Mr. Speaker, as I have said, immediately after the report was released, the Prime Minister did the right thing by accepting responsibility and accepting its findings. The Prime Minister has been present in the House and has answered over 1,400 questions. Immediately after the report was released, the Prime Minister made himself available to the media to ensure that he did answer questions, and to ensure that Canadians had the answers that they deserved.

The Prime Minister went one step further and travelled the country at open, available, and public town halls to answer questions directly from Canadians. Canadians are concerned about the economy. Canadians are concerned about many other issues. The Conservatives refuse to focus on the economy because they know our plan is working.

EthicsOral Questions

2:45 p.m.

Conservative

John Brassard Conservative Barrie—Innisfil, ON

Mr. Speaker, there have been a number of Liberals who have repaid inappropriate expenses, which was the right thing to do, and yet we have the first Prime Minister in the history of our nation found guilty on four counts of ethics violations, refusing to pay back taxpayers. The same Prime Minister is so afraid to talk about his law-breaking that he hides behind his talking points on the middle class. Let us talk about that.

When was the last time a middle-class Canadian family spent over $200,000 on a family vacation? It begs this question. Why the double standard?

EthicsOral Questions

2:45 p.m.

Waterloo Ontario

Liberal

Bardish Chagger LiberalLeader of the Government in the House of Commons and Minister of Small Business and Tourism

Mr. Speaker, as I have said, immediately after the report was released, the Prime Minister accepted responsibility and accepted the findings of the report.

The member is correct. This government will continue to focus on Canadians. While the Conservatives choose to focus on the Prime Minister and this government, the Prime Minister and this government will continue to focus on Canadians, to focus on the very real challenges that they face.

You will notice, Mr. Speaker, that our plan is working. Canadians have created 422,000 jobs, jobs for Canadians by Canadians, because of the strategic investments that this government is making in Canadians. Once again I repeat, this government and the Prime Minister will continue focusing on Canadians.

EthicsOral Questions

2:45 p.m.

Conservative

John Brassard Conservative Barrie—Innisfil, ON

I do agree with one thing with the government House leader, Mr. Speaker. The Liberals are focused on ripping off Canadians and they are focused on living a champagne and caviar lifestyle off the backs of hard-working taxpayers.

The Prime Minister knew his actions were illegal and he tried to hide it. The rules do not apply to him: taxpayer-funded nannies, tax changes that do not affect him, millions to terrorists, mandate letters not worth the paper they are written on. It is Liberal hypocrisy on steroids.

Will the Prime Minister do the right thing and repay taxpayers, yes or no?

EthicsOral Questions

2:45 p.m.

Waterloo Ontario

Liberal

Bardish Chagger LiberalLeader of the Government in the House of Commons and Minister of Small Business and Tourism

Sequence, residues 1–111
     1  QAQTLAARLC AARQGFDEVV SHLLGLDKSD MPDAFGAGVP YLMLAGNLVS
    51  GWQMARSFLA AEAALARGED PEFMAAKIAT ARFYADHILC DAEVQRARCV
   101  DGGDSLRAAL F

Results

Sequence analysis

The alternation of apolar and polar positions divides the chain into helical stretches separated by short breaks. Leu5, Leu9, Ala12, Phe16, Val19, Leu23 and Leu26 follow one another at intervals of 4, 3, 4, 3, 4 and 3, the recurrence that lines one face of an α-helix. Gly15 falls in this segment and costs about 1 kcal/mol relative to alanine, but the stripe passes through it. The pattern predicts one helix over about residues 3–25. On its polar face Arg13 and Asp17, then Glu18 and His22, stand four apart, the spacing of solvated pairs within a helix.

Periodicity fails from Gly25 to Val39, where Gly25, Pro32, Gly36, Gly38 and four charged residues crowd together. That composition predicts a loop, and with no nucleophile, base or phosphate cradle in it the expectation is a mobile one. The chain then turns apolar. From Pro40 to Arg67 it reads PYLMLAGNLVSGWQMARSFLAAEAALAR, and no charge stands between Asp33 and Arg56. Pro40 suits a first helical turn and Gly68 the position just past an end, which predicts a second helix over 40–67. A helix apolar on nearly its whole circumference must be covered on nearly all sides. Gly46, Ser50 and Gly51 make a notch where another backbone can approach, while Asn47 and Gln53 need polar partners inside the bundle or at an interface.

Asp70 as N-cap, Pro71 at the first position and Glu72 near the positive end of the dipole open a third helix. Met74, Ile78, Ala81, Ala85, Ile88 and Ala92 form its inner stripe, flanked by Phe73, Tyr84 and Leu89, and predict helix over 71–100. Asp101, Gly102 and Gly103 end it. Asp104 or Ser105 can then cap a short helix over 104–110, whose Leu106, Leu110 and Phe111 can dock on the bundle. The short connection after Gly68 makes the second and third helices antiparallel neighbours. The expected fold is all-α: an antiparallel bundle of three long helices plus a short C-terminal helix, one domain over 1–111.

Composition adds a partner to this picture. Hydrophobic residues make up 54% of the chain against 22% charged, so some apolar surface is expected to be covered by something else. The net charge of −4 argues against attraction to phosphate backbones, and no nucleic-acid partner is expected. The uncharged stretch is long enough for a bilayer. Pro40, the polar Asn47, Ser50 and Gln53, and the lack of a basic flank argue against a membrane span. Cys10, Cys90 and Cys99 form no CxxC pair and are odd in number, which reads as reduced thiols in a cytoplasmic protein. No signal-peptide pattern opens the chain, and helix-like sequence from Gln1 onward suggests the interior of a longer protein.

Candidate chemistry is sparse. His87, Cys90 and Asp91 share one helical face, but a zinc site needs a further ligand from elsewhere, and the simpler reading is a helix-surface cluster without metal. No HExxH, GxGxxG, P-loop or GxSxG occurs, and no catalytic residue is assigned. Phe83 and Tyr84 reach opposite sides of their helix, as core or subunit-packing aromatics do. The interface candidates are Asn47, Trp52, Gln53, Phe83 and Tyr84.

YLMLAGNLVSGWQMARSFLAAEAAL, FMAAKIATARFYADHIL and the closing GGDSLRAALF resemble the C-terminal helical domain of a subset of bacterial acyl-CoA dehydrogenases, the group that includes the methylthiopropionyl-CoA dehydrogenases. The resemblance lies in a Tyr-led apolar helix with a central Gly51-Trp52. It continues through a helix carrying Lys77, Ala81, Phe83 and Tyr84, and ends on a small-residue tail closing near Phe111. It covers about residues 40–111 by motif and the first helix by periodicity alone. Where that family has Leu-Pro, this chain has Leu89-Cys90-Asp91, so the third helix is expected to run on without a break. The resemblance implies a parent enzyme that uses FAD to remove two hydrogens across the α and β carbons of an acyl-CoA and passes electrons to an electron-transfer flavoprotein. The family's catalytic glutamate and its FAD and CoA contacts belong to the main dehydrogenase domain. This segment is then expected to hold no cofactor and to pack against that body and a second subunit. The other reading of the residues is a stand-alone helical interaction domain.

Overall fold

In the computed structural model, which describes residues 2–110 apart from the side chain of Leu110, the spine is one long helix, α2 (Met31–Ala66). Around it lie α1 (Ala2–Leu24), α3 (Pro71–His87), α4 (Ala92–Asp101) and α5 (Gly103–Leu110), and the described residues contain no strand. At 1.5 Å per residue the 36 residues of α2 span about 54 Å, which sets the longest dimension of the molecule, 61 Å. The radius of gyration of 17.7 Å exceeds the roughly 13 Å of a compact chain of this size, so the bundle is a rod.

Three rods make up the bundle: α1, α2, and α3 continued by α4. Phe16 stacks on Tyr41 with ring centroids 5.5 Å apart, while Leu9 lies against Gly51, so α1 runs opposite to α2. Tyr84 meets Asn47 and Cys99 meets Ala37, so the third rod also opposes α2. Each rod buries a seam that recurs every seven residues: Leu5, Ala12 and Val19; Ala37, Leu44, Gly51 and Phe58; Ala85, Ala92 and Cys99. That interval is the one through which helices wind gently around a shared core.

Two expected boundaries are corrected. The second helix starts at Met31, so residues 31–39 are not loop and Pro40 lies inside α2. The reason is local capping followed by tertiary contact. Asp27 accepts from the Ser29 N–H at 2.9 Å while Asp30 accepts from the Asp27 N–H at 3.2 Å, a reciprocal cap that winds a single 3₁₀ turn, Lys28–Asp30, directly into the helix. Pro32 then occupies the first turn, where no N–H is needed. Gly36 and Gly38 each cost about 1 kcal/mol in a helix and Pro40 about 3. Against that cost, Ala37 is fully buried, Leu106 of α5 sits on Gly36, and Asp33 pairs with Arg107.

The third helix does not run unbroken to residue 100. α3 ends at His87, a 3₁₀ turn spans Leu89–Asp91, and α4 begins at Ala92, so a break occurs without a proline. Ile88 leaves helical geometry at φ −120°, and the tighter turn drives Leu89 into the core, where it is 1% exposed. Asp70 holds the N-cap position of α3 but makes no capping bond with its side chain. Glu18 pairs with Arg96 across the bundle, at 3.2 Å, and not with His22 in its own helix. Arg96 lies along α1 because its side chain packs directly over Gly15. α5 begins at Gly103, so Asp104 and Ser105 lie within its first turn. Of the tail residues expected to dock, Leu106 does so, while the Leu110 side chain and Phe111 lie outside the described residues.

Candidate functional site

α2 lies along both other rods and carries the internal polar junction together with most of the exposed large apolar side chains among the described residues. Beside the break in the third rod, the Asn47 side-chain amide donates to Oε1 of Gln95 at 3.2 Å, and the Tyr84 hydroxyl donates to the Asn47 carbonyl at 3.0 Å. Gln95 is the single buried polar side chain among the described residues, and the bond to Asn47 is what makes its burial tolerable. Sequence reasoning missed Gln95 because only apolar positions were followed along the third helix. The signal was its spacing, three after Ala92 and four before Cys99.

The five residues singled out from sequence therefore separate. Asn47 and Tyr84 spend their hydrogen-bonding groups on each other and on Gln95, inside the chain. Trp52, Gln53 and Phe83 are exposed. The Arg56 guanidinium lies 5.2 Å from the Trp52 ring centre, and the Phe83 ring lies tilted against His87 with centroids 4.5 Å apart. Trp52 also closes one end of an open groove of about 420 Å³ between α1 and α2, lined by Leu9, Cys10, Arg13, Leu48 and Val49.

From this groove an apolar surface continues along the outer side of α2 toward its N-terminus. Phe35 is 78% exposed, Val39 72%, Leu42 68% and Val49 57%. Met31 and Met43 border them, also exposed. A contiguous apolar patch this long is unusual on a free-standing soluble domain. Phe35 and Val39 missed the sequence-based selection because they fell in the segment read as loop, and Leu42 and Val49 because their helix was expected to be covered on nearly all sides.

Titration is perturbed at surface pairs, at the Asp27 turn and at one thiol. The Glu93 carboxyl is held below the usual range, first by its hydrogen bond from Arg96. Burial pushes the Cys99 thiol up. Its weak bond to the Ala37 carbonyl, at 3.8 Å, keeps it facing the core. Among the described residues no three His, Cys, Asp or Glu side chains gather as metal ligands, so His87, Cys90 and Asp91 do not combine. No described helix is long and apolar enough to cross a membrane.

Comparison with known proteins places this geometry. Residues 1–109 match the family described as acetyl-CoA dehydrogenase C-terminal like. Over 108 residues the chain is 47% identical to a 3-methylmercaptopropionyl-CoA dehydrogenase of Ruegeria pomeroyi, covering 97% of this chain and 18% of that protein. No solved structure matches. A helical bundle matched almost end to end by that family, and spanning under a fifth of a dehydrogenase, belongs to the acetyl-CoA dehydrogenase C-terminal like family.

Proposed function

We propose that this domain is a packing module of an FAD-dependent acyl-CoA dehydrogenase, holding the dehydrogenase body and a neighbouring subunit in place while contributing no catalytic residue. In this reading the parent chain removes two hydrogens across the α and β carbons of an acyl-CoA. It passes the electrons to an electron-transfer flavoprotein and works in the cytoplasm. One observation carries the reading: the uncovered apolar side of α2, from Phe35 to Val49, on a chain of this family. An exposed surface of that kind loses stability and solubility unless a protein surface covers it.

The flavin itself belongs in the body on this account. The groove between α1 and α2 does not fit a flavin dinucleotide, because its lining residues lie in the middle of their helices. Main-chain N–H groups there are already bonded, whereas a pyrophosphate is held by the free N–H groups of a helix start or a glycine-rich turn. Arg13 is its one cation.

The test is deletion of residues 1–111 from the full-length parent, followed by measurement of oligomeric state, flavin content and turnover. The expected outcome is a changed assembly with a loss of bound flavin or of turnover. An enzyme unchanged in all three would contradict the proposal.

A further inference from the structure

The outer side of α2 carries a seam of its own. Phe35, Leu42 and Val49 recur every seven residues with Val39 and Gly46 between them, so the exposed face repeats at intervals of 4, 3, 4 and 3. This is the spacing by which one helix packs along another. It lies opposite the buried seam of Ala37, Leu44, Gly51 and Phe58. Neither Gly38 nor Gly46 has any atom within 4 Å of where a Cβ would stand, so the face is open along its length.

Mr. Speaker, as I have said on numerous occasions, immediately after the report was released, the Prime Minister accepted responsibility and accepted its findings. The former commissioner has acknowledged that there are costs that are incurred as part of the role of the Prime Minister. When it comes to our security agencies, we take their recommendations, we take their advice, and we will continue to do so.

This government will continue to focus on Canadians to ensure the economy is working for Canadians. We will make sure that the immigration rules are working to reunite families. This government will continue to focus on veterans to ensure they have the services they deserve. This government will continue to focus on Canadians.

Foreign AffairsOral Questions

2:45 p.m.

NDP

Hélène Laverdière NDP Laurier—Sainte-Marie, QC

Mr. Speaker, more than 20 civil society groups in Canada have raised serious concerns about military agreements with the Philippines.

Yesterday, we learned that Canada sold combat helicopters for hundreds of millions of dollars to the Duterte regime, which has a terrible human rights record.

How can the Liberal government justify selling these helicopters to the Philippine army when it knows that this regime could use them against civilians?

What about our principles?

Foreign AffairsOral Questions

2:45 p.m.

University—Rosedale Ontario

Liberal

Chrystia Freeland LiberalMinister of Foreign Affairs

Mr. Speaker, we have received no application for an export permit related to this contract.

The Prime Minister and I have been very clear about the Duterte regime's human rights violations and extrajudicial killings, including during our visit to the Philippines.

I will conduct an extremely rigorous human rights analysis of any potential export permit application related to this contract.

Foreign AffairsOral Questions

2:45 p.m.

NDP

Randall Garrison NDP Esquimalt—Saanich—Sooke, BC

Mr. Speaker, one of the cruel ironies of this helicopter deal is that Philippine President Duterte, who is unquestionably presiding over one of the world's worst human rights situations, once admitted to throwing a man out of a helicopter and said that he would do it again. This is a country where extrajudicial executions continue to be condoned by the president.

It is absolutely clear that this deal would never be approved under the human rights standards required by the Arms Trade Treaty. Will the minister stand in the House now and indicate clearly that there is no way that the export of these helicopters to the Philippines will be approved?